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What Is Opioid addiction?

Opioid addiction is an epidemic. According to the National Center for Health Statistics, There were about more than 70,000 deaths from drug overdose and 47,600 deaths from any opioids (prescribed or non-prescribed). As the Awareness for opioid addiction is still at early stages, it has become one of the important topics in the healthcare industry as one of the preventable health disorder.

Prescribed Opioids include Codeine, morphine, hydromorphone, Oxycodone, Hydrocodone, fentanyl and Methadone. Physicians prescribe some of these medications for pain control. Though the primary purpose is for pain control; it also gives a sensation of elation or euphoria. This side effect drives an individual to crave the medication even more. What becomes a pleasurable experience after a long term exposure becomes a way of life where one cannot live without. It is difficult to predict which individual is likely to become addicted. Socioeconomic factor, stress at work, chronic pain may be contributing factors.

Addiction can affect a person profoundly, they are unable to keep a job, hold on to family life or maintain a job. Their professional and personal life is consumed by their caring for opioids. “


What Is Buprenorphine?

Buprenorphine is a partial opioid agonist, which bind to the Opioid Receptor with high affinity and prevents other Opioid medications from binding to the same receptor.

The advantage of using this medication is due to its “ceiling effect”. Ceiling effect or plateauing effect means the medication reaches a maximum effect following certain dosing. Any further increase does not provide any more benefit and hence prevents the drug from being used for its euphoric effect.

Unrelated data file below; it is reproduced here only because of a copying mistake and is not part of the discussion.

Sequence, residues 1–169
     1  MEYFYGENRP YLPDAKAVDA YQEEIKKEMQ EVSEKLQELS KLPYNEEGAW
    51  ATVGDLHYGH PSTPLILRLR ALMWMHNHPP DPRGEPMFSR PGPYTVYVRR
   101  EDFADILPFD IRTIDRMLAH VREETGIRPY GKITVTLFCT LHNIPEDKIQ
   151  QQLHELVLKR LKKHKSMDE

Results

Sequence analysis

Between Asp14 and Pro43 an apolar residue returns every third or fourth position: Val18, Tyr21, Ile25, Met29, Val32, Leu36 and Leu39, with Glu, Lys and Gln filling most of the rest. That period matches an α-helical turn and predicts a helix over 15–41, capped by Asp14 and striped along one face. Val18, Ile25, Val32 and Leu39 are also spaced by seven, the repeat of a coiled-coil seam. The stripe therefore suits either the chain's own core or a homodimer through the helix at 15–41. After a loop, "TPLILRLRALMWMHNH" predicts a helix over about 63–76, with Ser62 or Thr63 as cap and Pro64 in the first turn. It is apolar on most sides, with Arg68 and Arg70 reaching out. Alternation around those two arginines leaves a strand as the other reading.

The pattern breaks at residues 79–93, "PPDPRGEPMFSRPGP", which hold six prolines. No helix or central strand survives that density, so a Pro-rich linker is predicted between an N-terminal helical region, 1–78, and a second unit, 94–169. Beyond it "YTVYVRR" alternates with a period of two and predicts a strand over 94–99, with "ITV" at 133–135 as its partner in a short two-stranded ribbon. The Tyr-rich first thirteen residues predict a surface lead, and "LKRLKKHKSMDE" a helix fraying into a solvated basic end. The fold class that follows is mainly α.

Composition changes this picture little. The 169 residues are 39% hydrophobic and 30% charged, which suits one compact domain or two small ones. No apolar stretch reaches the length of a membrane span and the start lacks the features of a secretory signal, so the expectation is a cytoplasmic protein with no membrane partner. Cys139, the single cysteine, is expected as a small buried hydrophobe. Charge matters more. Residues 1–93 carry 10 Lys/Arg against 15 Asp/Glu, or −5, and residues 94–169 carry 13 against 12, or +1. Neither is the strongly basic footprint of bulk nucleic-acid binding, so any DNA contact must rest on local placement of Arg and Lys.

How does Buprenorphine work?

Buprenorphine acts as a partial agonist at the mu-receptor and has a long duration of action. Methadone, on the other hand, is a full opioid agonist. The long duration of action of Buprenorphine is secondary to its high affinity for its receptor. This lowers the potential for serious side effects including breathing suppression.

The medication is metabolized by your liver through the activity of a special enzymatic pathway called Cytochorme P450 pathway.  Once metabolized, it is removed through the biliary system.


What formulation are available for opioid use disorder?

Buprenorphine comes in various formulations.

Oral: Sublingual Tablets (Generic, [email protected]), sublingual film ([email protected] film), Buccal film ([email protected]). These are used for induction and maintenance.

Subdermal implants: [email protected] Used mainly for maintenance therapy once a good control is achieved on oral formulation.


How do we treat Opioid use disorder in our center?

Here at RESTORE, we strive to provide a discrete and individualized plan for you. We carry you through this difficult journey paying attention to details and giving a close follow up care.

The formulation that we use in our center, is primarily Buprenorphine with Naloxone combination, administered as sublingual tablets or films.

There is a certain advantage for using the combination medication.  This medication likely prevents abuse. When this medication is used sublingually, the effect of buprenorphine predominates and naloxone prevents withdrawal. But if the tablet is crushed and injected, the effect of naloxone will supersede and induce opioid withdrawal.

In order to get the best outcome to prevent relapse, psychological counseling is highly recommended. We will be involving psychologist specializing in addiction medicine to provide this service for you, or you can use psychologist of your choice.


What is the procedure to join the program?

First, we require that you fill in the online intake form.

Client selection is based on certain criteria. Due to the complexity of certain addiction, at this time we invite people only with opioid addiction excluding heroin.  We may elect to treat pregnant women on a case by case basis. We treat mainly individuals at or above 21 yrs of age.